We all deserve to be heard

How many meetings have you attended and how many discussions have you had with your friends and family where people shout over one another, all of them fighting to be heard? Personally, I have lost count! 

I’m not claiming to be innocent. I am just as guilty as the next person for wanting my five minutes. In fact my whole family is pretty shocking or so I have been told. During a recent family get together, instead of speaking, I observed and it’s so true – we are terrible. We all butt in before the other person has finished because we want to make our point or ‘think’ we know what someone else is going to say.

It was painful to observe and reminded me of the many meetings I’ve attended where the same thing has happened.  This often happens because we are passionate about something, feel we have something to add and really want to make our point. But is this really acceptable?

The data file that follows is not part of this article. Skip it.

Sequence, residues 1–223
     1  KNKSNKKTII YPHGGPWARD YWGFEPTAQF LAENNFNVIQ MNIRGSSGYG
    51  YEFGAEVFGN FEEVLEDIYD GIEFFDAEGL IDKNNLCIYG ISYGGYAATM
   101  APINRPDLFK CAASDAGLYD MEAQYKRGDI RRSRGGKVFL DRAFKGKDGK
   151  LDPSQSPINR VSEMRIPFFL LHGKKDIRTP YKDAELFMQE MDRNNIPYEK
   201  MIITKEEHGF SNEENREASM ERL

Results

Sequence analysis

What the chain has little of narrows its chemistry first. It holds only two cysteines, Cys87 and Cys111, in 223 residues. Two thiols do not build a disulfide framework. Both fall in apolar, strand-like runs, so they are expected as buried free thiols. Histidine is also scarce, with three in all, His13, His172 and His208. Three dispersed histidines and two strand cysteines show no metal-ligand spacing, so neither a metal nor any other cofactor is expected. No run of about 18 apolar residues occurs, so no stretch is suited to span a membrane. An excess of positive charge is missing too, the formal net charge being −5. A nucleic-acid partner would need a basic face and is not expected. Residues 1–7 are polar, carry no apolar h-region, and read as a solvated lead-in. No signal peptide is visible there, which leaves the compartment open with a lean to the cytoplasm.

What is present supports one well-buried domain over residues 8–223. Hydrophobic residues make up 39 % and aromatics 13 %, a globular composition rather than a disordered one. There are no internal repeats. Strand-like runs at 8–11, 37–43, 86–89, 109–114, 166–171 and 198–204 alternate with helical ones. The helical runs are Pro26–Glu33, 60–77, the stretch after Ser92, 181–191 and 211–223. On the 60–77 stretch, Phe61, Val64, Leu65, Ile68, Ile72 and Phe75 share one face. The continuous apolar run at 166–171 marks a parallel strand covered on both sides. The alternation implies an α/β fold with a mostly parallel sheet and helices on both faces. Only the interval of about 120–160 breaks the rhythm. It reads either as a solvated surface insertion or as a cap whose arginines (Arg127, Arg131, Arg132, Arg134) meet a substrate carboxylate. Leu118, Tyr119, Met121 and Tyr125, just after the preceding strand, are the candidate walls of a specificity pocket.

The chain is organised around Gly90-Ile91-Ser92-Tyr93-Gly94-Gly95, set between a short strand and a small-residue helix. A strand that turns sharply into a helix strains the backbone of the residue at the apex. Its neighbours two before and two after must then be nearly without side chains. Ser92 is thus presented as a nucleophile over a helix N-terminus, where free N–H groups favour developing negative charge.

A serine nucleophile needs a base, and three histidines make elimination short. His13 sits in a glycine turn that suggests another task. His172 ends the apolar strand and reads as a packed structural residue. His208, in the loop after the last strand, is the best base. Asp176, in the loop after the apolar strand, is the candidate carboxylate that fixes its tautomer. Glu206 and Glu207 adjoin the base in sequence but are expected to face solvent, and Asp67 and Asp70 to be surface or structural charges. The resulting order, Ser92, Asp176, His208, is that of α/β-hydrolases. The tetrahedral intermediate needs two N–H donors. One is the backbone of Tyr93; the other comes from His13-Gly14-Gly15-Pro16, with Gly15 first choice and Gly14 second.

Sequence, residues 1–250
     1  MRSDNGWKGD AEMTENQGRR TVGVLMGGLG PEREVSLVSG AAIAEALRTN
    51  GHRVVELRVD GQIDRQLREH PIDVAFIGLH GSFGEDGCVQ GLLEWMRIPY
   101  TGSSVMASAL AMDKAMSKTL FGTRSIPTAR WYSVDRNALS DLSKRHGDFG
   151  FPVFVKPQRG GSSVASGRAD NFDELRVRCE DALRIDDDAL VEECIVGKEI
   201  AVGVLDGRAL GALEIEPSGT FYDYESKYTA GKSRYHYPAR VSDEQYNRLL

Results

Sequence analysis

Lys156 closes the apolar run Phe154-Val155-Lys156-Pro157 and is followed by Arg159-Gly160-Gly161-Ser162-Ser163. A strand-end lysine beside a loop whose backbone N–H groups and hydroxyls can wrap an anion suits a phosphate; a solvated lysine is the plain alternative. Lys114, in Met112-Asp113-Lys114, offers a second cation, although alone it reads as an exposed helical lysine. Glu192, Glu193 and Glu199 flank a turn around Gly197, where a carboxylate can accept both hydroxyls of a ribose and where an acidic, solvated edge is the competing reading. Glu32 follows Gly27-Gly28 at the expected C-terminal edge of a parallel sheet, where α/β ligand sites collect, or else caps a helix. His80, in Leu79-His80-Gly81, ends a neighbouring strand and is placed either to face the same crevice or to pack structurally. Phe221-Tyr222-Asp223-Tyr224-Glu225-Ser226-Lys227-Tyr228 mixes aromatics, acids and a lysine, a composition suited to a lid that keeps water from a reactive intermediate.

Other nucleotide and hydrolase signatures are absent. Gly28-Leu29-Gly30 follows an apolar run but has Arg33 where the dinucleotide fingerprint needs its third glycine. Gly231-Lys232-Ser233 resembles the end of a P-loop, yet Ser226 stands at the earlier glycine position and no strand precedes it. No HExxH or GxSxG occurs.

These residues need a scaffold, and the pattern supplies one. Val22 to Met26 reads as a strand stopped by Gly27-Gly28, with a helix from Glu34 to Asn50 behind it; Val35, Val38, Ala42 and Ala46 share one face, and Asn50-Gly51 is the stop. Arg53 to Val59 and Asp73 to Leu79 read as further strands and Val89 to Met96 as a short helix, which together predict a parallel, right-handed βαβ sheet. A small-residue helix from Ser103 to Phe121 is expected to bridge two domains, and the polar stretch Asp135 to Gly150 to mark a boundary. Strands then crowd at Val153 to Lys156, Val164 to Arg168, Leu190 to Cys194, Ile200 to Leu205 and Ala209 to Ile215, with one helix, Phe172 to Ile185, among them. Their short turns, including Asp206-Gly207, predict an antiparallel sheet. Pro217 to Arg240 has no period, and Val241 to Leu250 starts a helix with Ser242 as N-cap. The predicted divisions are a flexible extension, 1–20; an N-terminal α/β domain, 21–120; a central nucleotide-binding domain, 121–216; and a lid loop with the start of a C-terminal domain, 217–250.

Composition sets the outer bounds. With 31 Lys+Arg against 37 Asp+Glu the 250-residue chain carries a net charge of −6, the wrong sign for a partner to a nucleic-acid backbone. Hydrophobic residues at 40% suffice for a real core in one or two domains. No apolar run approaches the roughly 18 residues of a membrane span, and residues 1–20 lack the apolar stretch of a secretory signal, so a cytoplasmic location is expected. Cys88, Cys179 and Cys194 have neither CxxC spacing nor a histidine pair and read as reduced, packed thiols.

There are times when we do need to be a little forceful to make our point but in my experience these are far and few between. The question should be is what you want to say going to add anything?

I’ve been to many meetings where a colleague or I end up spending most of the time listening. I always go to meetings with information I want to share and ideas but if someone else has said what I was planning to say I don’t repeat what they’ve said.

I will share the information and ideas if they are relevant or add something to the conversation. For me, it’s not about who makes the point or the point being made, it’s about solving a problem/coming up with a solution or moving something on.

This is why I like listening to those who don’t say anything. It’s often those who remain quiet who can make a much more informed decision – they take in everything everyone has said and then determine the best course of action.

There are times that I’ve seen these individuals be disregarded because others don’t think they have ideas or anything to add. But in my experience they often do.

Every one of us deserves to be heard. It’s not about who says the most or who shouts the loudest – sometimes those who remain silent are those who will make the biggest impact.

About the author: Emma Price